Through an act of supreme cunning, John Roberts accomplished his conservative doctrinal goals without paying any political cost by siding with the high court's liberal wing in the health care ruling. By David A. KaplanJun 28, 2012 3:22 PM ET
If the Affordable Care Act, or even parts of it, is upheld, Americans will be able to opt for health care outside of their job. How will that affect employees? By Shelley DuBoisShelley DuBois, writer-reporter - Jun 21, 2012 5:00 AM ET
Whether or not the Supreme Court rules in favor of the president's health care plan, companies are going to find a way to cut costs.
By Geoff Colvin, senior editor-at-large
FORTUNE -- What Fortune 500 companies really want from U.S. health care reform is pretty basic: They want sustainable costs and healthy, productive employees. But business doesn't just want those things; it desperately needs them, and it's going to get them, MOREMay 11, 2012 5:00 AM ET
The reams of data available to companies are only as useful as the people working with them. By Ethan RouenMar 19, 2012 11:26 AM ET
A noted USC oncologist and one of Steve Jobs' doctors has written a book that turns much of what we thought we knew about medicine upside down.
By Brian Dumaine, senior editor-at-large
FORTUNE -- At a meeting of the nation's top oncologists in Denver a couple of years back, Dr. David Agus, a prominent cancer researcher, was giving a keynote address. Agus talked about the need to take a new approach to treating MOREFeb 17, 2012 5:00 AM ET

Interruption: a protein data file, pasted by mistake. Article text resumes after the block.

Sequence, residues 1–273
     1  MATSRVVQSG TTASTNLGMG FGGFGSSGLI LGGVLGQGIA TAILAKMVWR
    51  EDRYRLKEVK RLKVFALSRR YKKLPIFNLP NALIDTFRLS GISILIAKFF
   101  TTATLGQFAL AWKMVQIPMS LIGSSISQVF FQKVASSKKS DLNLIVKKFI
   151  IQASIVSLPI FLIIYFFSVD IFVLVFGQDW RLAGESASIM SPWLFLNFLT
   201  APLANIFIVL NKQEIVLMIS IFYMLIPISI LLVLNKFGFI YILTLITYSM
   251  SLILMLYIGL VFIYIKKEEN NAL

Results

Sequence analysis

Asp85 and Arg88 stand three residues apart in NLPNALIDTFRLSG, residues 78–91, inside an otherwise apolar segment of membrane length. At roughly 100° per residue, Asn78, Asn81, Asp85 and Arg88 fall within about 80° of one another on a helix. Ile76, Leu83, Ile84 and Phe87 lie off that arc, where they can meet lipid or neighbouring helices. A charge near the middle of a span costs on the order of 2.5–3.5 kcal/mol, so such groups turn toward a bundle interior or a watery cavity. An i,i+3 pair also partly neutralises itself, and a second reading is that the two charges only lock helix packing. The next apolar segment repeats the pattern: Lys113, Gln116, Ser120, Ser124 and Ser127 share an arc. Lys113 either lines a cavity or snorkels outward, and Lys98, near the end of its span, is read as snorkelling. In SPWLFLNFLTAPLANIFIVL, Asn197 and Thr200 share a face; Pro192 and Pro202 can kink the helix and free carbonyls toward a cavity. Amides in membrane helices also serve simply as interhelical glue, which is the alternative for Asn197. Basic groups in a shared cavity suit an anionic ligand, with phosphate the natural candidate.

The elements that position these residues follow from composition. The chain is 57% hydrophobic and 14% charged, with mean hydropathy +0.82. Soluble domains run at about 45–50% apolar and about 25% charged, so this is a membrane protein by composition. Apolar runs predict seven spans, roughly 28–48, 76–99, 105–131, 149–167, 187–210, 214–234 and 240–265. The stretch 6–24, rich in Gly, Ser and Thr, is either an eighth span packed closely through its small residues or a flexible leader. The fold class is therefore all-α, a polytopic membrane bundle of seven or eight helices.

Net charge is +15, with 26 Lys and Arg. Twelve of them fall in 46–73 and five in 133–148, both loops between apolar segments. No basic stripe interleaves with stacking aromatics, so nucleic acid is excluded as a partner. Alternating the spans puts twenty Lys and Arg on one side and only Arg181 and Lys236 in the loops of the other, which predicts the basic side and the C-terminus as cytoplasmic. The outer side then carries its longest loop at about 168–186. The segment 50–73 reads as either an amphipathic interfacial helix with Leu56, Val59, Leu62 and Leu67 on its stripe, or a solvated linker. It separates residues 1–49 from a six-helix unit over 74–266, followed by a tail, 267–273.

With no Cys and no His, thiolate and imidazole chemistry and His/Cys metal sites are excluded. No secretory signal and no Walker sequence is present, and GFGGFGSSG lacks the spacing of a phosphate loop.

Either by choice or because of financial woes, people will work into their golden years. What happens to the workplace when seniors don't leave?
By Colleen Leahey, reporter
FORTUNE -- A man parks his bike and unbuckles his helmet to reveal baldness and salt-and-pepper eyebrows. A woman in orthopedic shoes makes her way into an office building, while another peers through her bifocal glasses at her smartphone, the font on the screen MOREJan 9, 2012 5:00 AM ET
Mt. Sinai Hospital CEO Kenneth Davis discusses the science of being a CEO and how to manage a hospital when it seems like all forces are aligned against you. Interview by Shelley DuBoisShelley DuBois, writer-reporter - Dec 22, 2011 10:05 AM ET
FORTUNE -- Why it's hot: Coaches who help explain medical issues have been part of health care for a while. But with consumers taking more responsibility for their choices, and billing becoming more complex, companies now need coaches who get personal finance.
What you'll do: Health coaches with a clinical background, usually registered nurses, advise on diseases and specific treatment. They will now be expected to help sort through both the cost MOREOct 12, 2011 5:00 AM ET
Henry Ford Health System's newest hospital, a $360-million facility with all private rooms, concierge service, and indoor farmer's market is a radical, risky move for health care. But it just might be a logical one too.
By William C. Taylor, contributor
(ManagementInnovationeXchange) -- Not long ago, I was in the audience at a symposium organized by the leaders of the Henry Ford Health System, a $4-billion-a-year health-and-hospital company based in Detroit. The organization's leaders MOREMar 2, 2011 10:26 AM ET
|5 people you might not tip (but should)|
|Toyota unveils redesigned Camry|
|Oklahoma bans local minimum wage increases|
|Stock gain after Janet Yellen speech|
|GM reveals most powerful drop-top Corvette|